Deep vein thrombosis research

What is deep vein thrombosis?

Deep vein thrombosis (DVT) is a blood clot in one of the deep veins of the body, usually in the leg. It affects tens of thousands of people each year in the UK, and can develop as a consequence of heart failure, or as a result of sitting or lying still for a long period - such as after surgery or during a long flight.

DVT must be treated quickly, because there’s a risk the clot will travel to the lungs and block a blood vessel, which can be life threatening. This is known as a pulmonary embolism.

We don’t completely understand what causes DVT. And current anti-clotting medication to prevent DVT increases the risk of bleeding, which may lead to a stroke in some people. Our research is vital to preventing and treating DVT safely and effectively.

How platelets play a part

We’re funding research into platelets to help explain why some people are more likely to get DVT. Platelets are the cells in blood that clump together to help form a blood clot. This is vital when you have an injury because platelets are needed to stop bleeding. However, platelets can also play a part in forming a clot inside a vein or artery, called thrombosis.

Molecules called phospholipids are found on the surface of platelets and in tiny particles that are released from platelets. They help to control how clots are formed. Researchers at Cardiff University, led by Professor Peter Collins, are studying blood samples from healthy people and people with unexplained bleeding or clotting disorders, such as DVT. They’re looking at the phospholipids found on the surface of platelets and microparticles in both groups to see if there are any key differences that could explain why some people are more prone to blood clotting disorders and some to bleeding disorders. This research could help work out who’s more prone to DVT, and reveal new ways to prevent or treat it.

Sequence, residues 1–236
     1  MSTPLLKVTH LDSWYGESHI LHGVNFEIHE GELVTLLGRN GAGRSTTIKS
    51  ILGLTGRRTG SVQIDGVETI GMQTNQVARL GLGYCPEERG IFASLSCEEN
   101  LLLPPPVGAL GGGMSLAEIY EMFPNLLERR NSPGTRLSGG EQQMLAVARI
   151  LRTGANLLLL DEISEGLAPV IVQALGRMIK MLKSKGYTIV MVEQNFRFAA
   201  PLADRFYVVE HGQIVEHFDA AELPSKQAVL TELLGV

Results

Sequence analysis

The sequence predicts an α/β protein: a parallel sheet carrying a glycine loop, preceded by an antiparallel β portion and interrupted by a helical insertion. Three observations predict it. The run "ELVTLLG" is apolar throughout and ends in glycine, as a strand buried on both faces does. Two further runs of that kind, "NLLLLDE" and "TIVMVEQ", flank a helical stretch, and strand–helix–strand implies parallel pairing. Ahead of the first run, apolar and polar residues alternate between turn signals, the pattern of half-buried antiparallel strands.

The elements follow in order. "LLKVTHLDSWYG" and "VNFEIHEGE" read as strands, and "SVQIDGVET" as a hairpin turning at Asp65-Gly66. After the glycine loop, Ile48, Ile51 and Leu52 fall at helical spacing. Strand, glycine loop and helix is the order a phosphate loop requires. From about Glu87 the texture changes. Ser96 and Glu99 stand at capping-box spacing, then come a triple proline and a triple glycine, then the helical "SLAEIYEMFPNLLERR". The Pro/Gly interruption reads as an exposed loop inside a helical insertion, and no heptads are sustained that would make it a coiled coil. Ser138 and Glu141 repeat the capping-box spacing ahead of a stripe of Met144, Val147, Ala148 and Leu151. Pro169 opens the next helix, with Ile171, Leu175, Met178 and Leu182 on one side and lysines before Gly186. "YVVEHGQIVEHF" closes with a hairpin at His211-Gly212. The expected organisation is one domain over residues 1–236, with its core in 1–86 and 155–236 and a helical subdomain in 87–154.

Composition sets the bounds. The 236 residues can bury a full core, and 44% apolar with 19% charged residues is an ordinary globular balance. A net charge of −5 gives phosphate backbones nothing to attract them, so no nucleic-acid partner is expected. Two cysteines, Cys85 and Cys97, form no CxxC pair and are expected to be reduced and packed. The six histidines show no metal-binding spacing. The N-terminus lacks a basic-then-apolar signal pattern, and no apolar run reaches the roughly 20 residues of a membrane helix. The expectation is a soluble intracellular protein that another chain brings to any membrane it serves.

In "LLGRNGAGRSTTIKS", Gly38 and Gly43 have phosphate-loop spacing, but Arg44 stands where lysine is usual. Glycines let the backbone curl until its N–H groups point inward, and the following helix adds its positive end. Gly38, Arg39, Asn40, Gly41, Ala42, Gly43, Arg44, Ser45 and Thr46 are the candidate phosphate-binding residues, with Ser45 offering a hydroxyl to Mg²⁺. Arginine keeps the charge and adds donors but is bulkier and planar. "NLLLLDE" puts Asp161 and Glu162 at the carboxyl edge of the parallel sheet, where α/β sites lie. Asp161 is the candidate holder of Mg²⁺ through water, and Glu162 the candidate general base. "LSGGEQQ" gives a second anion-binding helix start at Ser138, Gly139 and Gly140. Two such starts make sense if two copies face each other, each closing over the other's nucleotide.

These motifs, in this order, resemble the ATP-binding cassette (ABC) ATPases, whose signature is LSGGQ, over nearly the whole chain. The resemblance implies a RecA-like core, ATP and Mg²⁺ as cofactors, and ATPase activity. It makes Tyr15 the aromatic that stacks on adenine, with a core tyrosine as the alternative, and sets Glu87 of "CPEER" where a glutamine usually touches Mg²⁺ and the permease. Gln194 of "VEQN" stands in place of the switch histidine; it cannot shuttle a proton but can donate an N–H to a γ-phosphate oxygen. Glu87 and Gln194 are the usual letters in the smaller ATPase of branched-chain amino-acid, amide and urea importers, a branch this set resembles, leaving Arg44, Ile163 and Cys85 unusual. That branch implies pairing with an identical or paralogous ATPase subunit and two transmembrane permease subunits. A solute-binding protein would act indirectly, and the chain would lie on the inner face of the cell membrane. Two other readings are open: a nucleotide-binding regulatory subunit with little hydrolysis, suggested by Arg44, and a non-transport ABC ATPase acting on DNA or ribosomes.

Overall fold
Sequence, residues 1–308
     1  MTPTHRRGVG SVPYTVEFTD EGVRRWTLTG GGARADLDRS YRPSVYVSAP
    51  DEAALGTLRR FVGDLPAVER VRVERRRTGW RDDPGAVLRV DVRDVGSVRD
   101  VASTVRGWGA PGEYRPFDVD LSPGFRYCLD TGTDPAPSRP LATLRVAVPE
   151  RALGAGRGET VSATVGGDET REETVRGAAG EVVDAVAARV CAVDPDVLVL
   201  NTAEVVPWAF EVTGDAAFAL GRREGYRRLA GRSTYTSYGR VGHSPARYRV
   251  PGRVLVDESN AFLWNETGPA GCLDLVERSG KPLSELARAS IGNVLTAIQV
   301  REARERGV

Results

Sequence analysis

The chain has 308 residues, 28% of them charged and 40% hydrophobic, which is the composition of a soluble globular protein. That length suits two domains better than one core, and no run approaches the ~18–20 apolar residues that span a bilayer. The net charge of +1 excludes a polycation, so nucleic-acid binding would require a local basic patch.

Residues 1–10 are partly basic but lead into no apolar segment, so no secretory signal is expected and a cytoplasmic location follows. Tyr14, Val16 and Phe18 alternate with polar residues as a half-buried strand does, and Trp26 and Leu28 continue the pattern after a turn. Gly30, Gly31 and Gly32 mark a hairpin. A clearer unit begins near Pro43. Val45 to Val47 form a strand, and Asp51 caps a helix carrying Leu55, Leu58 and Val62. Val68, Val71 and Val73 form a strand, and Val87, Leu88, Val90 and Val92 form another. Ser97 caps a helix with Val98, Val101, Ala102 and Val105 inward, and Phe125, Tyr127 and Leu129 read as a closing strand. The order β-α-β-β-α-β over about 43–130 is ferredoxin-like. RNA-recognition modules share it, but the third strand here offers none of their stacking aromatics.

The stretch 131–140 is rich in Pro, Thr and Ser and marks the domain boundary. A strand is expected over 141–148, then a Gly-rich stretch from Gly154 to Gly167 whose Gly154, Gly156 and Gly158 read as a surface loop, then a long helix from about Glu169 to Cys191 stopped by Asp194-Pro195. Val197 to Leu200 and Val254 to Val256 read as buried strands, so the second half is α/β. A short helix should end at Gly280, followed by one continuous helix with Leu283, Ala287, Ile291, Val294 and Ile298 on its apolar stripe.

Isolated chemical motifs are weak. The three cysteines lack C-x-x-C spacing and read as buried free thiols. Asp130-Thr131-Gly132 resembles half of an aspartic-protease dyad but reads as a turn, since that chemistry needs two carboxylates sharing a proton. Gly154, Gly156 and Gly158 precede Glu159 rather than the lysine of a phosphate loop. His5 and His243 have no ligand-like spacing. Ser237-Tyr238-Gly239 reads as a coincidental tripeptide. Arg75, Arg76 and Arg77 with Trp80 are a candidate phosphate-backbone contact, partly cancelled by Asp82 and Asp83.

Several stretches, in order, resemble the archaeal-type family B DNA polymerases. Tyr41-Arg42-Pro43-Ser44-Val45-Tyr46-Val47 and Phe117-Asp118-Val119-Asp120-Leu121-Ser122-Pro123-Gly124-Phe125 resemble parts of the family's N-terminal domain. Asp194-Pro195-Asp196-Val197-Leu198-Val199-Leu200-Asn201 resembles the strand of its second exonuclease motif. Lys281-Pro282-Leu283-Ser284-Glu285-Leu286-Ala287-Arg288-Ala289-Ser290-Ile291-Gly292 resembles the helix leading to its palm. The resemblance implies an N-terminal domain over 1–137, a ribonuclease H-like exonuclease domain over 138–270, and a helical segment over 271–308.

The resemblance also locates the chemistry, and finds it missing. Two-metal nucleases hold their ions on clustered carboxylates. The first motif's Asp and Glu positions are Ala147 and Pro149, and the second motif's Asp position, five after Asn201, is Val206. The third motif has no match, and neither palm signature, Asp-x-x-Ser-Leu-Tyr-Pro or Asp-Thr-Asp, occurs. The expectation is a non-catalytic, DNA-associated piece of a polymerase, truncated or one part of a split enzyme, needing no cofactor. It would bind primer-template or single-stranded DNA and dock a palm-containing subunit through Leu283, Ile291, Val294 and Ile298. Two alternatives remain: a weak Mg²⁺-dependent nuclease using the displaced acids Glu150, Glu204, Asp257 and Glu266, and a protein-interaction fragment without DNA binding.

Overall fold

A scan for the best treatment

Usually, when a DVT is diagnosed it is treated with medicines that also prevent blood clots forming, such as heparin and warfarin. But when a large clot has formed in a vein in the upper leg or abdomen, it’s sometimes treated with a clot-busting drug. However, this treatment is not always successful and can have serious side effects, like bleeding.

With funding from the BHF, Dr Alkystis Phinikaridou at King’s College London is testing if a new magnetic resonance imaging (MRI) scan could identify who will and won’t respond well to clot-dissolving treatment.

This new technique developed by her team provides detailed information about the composition of the blood clot. Patients with DVT who need clot-busting treatment and agree to take part in the study have an MRI scan before receiving treatment. The team are looking for common features between clots that do or do not respond well to clot busting drugs. This work could reveal a quick, non-invasive imaging test showing which people with DVT will respond best to different treatments - so more patients get the right treatment and a good outcome.

Can anti-allergy medicines help?

With your donations, we’re supporting BHF Professor Steve Watson to take his research into platelets and blood clotting from strength to strength. Today, his research group at the University of Birmingham is among the world’s experts in this field. They’re making important progress in understanding DVT and other dangerous clotting disorders.

Dr Alexander Brill, from the University of Birmingham, has shown that blocking the production of mast cells (a type of immune cell) in mice prevents DVT without causing bleeding problems. What’s really exciting about this research is that medicines that block mast cells in humans are already used in the clinic for conditions like asthma. If the researchers can show that mast cells are involved in DVT in people, they could move quickly into clinical trials with anti-allergy medicines we already know are safe.

Read about our successes in circulatory condition research